Ideas, Not Interests or Institutions, Caused the Great Enrichment

Deirdre N. McCloskey 1
  • 1 University of Illinois at Chicago, Chicago, USA
Deirdre N. McCloskey

Abstract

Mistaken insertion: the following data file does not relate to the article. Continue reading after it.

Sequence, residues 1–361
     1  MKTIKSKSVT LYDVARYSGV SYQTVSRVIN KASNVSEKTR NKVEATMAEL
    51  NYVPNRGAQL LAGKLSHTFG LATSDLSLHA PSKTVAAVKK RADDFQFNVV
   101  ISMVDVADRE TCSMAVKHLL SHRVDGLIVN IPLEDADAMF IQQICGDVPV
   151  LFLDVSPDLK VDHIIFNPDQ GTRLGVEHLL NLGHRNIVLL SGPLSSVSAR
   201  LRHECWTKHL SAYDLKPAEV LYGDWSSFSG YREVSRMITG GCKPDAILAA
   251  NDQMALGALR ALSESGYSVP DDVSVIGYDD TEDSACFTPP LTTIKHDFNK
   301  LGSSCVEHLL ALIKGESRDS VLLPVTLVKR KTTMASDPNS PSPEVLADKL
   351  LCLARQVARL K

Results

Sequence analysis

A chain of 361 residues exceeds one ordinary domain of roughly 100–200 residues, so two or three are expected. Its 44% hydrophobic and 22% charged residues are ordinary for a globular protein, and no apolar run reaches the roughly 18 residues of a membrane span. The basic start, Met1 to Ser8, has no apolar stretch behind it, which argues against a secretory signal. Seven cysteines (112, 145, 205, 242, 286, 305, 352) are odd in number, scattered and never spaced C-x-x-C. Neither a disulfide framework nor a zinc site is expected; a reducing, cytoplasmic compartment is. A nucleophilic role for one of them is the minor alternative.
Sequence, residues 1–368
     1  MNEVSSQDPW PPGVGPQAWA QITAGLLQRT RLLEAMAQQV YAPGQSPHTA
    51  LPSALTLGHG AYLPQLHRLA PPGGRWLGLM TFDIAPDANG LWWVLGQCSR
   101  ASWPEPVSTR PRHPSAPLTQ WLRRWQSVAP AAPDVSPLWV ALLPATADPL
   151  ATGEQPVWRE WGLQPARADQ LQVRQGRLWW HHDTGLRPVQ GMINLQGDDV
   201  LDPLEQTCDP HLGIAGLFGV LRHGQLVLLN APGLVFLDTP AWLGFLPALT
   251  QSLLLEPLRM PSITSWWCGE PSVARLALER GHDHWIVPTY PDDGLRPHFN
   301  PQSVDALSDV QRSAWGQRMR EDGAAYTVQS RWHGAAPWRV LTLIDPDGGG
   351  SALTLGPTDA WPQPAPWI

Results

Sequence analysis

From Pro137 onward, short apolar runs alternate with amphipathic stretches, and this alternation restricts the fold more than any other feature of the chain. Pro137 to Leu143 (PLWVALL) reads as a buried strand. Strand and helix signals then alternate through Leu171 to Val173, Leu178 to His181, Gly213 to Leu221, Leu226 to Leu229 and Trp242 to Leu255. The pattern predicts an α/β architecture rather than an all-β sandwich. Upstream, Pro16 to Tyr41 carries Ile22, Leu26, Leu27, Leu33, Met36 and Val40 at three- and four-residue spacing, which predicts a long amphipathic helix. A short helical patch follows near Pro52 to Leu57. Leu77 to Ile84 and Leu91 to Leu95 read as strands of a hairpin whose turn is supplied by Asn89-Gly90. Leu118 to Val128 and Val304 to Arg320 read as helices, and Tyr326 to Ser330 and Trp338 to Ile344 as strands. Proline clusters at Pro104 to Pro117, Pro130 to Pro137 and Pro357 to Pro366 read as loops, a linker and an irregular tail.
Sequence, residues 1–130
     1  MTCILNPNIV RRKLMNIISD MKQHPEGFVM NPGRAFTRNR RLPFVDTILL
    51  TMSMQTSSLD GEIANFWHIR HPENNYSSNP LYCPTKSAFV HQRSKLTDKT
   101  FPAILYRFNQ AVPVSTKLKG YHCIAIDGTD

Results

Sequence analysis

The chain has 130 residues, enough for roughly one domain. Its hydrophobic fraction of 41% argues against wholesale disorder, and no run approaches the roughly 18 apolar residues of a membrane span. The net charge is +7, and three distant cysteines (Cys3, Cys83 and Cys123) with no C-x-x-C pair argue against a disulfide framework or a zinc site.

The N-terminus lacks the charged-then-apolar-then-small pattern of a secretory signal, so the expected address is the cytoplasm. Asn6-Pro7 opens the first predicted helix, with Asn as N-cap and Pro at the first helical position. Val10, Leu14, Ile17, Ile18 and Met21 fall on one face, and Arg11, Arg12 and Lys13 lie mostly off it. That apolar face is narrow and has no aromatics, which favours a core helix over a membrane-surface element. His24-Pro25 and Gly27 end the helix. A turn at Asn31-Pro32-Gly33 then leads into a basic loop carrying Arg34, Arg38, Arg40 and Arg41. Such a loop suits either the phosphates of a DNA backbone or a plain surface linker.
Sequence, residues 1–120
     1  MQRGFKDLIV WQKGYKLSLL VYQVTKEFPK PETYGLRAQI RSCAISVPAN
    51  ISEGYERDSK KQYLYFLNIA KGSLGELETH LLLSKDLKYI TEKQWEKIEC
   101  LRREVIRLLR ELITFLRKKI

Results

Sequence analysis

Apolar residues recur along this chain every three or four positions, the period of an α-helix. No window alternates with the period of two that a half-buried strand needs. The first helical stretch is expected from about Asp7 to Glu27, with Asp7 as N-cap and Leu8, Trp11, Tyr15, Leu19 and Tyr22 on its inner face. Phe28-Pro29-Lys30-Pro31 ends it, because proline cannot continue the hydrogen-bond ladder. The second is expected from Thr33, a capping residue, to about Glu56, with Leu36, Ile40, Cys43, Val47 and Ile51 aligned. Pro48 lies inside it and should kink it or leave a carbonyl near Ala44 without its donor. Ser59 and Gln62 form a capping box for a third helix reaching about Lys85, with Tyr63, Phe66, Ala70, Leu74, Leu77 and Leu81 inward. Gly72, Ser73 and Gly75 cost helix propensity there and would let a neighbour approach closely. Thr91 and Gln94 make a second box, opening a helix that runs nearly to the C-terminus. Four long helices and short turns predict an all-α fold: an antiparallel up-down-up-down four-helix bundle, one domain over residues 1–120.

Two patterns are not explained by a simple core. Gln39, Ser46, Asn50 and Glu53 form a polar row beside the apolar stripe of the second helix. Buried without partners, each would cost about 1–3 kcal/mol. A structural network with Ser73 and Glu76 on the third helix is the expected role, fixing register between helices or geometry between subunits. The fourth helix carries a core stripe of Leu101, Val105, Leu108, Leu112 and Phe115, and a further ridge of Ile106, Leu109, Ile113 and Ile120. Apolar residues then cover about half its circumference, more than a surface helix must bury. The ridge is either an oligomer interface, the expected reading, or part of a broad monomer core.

The question is why the Great Enrichment of 4,000 or 10,000 percent increase in material scope per person, 1800 to the present, awaited 1800. The answer lies with ideas, ideologies, sociology, habits of lip, conversation, ethics – in short, how people viewed each other. They began rather suddenly in northwestern Europe from 1600 or so to view each other as having liberty and dignity, which is to say the legal ability to have a go and and social honor in doing so. Not that material causes do not matter. But none of material causes are unique to Europe or the modern world – coal was use anciently in China on a large scale, trade was larger in the Indian Ocean than anywhere until the nineteenth century, property rights were fully protected under Roman law, and yet none of these places had a great enrichment. There is nothing unscientific about emphasizing ideas. The unscientific attitude would be to assume, as economists are inclined to do, that only incentives of a straightforwardly Samuelsonian sort can matter. The unscientific attitude characterizes many of a neo-institutionalist tendency.

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